So why not give a little nostalgia this year by wrapping up “A Night at the Sweet Gum Head” by Martin Padgett? It’s the tale of disco, drag, and drugs in the 1970s (of course!) in Atlanta, with appearances by activists, politics, and people who were there at that fabulous time. Wrap it up with “After Francesco” by Brian Malloy, a novel set a little later – in the mid-1980s in New York City and Minneapolis at the beginning of the AIDS crisis.

The LGBTQ activist on your gift list will want to read “The Case for Gay Reparations” by Omar G. Encarnacion. It’s a book about acknowledgment, obligation on the part of cis citizens, and fixing the pain that homophobia and violence has caused. Wrap it up with “Trans Medicine: The Emergence and Practice of Treating Gender” by Stef M. Shuster, a look at trans history that may also make your giftee growl.


Young readers who have recently transitioned will enjoy reading “Both Sides Now” by Peyton Thomas. It’s a novel about a high school boy with gigantic dreams and the means to accomplish them all. Can he overcome the barriers that life gives him? It’s debatable… Pair it with “Can’t Take That Away” by Steven Salvatore, a book about two nonbinary students and the troubles they face as they fall in love.

The thriller fan on your list will be overjoyed to unwrap “Yes, Daddy” by Jonathan Parks-Ramage. It’s the story of a young man with dying dreams of fame and fortune, who schemes to meet an older, more accomplished man with the hopes of sparking his failing career. But the older man isn’t who the younger thinks he is, and that’s not good. Wrap it up with “Lies with Man” by Michael Nava, a book about a lawyer who agrees to be counsel for a group of activists. Good so far, right? Until one of them is accused of being involved in a deadly bombing.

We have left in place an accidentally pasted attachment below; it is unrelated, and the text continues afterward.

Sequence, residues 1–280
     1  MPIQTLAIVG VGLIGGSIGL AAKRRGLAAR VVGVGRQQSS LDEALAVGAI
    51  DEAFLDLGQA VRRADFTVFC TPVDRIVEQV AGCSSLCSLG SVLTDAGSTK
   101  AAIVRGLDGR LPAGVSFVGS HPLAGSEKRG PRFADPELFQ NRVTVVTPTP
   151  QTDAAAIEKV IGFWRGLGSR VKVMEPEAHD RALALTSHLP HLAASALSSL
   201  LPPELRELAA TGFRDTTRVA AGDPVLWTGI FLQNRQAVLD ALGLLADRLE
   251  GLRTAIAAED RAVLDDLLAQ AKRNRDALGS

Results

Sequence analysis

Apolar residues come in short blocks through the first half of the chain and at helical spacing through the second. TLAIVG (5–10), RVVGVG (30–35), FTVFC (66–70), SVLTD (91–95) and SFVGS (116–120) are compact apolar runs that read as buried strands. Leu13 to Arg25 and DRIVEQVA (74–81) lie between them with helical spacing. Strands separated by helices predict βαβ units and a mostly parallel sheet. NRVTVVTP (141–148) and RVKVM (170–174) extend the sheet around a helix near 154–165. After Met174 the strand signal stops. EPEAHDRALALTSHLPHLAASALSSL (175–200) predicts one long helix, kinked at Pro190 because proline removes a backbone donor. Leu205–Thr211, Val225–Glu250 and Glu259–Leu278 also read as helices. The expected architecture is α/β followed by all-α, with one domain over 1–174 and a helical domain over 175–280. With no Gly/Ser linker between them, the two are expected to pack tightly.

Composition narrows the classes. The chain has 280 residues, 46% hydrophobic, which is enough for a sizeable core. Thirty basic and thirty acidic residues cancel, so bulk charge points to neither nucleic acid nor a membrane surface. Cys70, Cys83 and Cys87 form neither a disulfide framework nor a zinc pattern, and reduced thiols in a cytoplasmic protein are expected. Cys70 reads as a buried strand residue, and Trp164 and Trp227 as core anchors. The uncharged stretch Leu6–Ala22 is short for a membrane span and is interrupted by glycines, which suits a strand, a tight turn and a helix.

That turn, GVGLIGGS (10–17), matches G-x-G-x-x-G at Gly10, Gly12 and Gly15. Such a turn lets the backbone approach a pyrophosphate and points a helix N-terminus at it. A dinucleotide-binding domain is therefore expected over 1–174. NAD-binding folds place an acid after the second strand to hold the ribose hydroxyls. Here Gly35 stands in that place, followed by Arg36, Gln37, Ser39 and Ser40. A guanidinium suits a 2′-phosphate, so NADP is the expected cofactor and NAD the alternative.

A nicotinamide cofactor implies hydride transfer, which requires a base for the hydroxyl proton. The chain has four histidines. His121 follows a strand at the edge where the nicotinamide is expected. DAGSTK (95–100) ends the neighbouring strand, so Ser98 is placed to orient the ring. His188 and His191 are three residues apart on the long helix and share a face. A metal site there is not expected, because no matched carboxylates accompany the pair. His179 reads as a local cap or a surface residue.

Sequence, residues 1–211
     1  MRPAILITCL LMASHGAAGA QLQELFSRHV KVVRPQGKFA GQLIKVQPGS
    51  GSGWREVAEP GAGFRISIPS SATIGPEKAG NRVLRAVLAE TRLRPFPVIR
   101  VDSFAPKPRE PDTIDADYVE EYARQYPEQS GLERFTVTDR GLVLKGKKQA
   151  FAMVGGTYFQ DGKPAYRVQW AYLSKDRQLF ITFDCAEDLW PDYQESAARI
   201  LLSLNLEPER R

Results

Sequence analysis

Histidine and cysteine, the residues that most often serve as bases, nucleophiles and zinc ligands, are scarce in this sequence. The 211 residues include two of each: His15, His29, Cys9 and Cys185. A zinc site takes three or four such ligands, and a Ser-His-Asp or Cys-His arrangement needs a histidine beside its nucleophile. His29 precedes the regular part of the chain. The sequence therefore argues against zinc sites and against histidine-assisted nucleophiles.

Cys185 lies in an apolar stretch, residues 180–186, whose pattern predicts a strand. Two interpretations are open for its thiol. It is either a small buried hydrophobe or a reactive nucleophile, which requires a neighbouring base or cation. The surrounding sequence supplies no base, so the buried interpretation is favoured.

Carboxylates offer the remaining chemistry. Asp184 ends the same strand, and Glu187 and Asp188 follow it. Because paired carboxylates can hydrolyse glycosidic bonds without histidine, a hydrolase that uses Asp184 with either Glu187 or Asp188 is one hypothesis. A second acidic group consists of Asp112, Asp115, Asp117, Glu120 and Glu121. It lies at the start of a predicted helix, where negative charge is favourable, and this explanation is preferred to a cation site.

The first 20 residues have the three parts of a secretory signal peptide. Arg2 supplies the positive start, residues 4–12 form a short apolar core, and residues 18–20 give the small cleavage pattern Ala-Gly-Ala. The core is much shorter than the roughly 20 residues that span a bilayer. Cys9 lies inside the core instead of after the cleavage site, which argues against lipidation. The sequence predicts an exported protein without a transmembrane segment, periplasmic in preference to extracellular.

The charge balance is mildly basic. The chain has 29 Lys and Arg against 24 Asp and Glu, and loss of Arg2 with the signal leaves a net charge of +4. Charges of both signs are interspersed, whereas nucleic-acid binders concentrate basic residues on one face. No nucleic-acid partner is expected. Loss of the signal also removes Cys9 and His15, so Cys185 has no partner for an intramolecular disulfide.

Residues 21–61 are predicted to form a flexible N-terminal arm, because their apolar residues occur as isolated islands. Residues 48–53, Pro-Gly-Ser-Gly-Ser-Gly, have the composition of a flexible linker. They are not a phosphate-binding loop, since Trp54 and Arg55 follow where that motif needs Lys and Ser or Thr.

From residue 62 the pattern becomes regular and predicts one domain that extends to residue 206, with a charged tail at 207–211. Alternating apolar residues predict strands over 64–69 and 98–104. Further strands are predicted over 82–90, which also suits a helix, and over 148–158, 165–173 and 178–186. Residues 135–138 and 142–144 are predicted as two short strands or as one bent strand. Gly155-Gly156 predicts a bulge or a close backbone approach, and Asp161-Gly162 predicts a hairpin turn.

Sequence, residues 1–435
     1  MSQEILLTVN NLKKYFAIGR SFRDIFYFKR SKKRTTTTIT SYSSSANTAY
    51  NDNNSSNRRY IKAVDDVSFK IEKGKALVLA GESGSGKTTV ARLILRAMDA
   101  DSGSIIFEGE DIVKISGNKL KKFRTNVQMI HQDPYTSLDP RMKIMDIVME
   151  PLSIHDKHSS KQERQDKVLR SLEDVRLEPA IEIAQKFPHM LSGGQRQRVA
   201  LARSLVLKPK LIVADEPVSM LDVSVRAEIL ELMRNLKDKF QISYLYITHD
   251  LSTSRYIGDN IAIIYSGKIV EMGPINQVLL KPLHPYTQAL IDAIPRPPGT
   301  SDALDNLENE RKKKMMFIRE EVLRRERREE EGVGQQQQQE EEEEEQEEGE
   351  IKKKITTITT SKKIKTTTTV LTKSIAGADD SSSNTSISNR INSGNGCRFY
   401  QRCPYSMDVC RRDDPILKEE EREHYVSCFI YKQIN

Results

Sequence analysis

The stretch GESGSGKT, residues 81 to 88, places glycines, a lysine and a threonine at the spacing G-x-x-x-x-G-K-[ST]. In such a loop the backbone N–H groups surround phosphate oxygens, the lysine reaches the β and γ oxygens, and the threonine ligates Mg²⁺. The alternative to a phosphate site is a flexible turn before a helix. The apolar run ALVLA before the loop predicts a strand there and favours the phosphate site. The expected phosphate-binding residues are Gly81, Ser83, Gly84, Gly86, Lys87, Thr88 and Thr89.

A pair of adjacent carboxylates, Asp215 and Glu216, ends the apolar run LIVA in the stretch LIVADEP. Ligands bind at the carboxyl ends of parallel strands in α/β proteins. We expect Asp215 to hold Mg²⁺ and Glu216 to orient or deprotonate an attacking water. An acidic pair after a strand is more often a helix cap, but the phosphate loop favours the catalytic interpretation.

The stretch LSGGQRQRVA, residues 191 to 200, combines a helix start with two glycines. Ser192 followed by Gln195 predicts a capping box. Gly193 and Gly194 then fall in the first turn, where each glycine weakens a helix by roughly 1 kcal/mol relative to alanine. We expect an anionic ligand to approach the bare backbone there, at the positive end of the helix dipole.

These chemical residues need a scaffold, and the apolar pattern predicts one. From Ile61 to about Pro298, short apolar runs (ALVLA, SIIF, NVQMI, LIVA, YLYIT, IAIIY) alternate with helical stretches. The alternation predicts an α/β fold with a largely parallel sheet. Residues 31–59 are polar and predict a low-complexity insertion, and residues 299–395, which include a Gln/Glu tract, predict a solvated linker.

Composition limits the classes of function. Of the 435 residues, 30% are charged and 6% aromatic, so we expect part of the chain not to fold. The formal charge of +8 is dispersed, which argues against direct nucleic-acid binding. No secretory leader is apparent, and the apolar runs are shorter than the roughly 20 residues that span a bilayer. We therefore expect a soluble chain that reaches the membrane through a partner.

For the fan of Southern fiction, you can’t go wrong when you wrap up “The Tender Grave” by Sheri Reynolds. It’s the tale of two sisters, one homophobic, the other lesbian, and how they learn to forgive and re-connect.


Like nonprofit organizations throughout the country, D.C.-area LGBTQ supportive nonprofit groups have told the Blade they continue to rebuild amid the coronavirus pandemic, which disrupted their fundraising efforts while increasing expenses, at least in part by prompting more people to come to them for help.

This holiday season, if you’re looking for a thoughtful gift, consider making a donation to one of our local LGBTQ non-profit organizations in someone else’s name. This list is by no means exhaustive, but a good place to start your research.

Contributions to the LGBTQ supportive nonprofit organizations can be made via the websites of these local organizations:

• Blade Foundation, which funds local scholarships and fellowships for queer student journalists,

• DC Center, our local community center that operates a wide range of programming,

Food & Friends, which delivers meals to homebound patients,

HIPS, which advances the health rights and dignity of those impacted by sex work and drugs,

• SMYAL, which advocates for queer youth,

Wanda Alston Foundation, which offers shelter and support for LGBTQ youth,

• Whitman-Walker Health, the city’s longtime LGBTQ-inclusive health care provider,

Casa Ruby, which provides shelter and services to youth in need,

• Us Helping Us, which helps improve the health of communities of color and works to reduce the impact of HIV/AIDS on the Black community,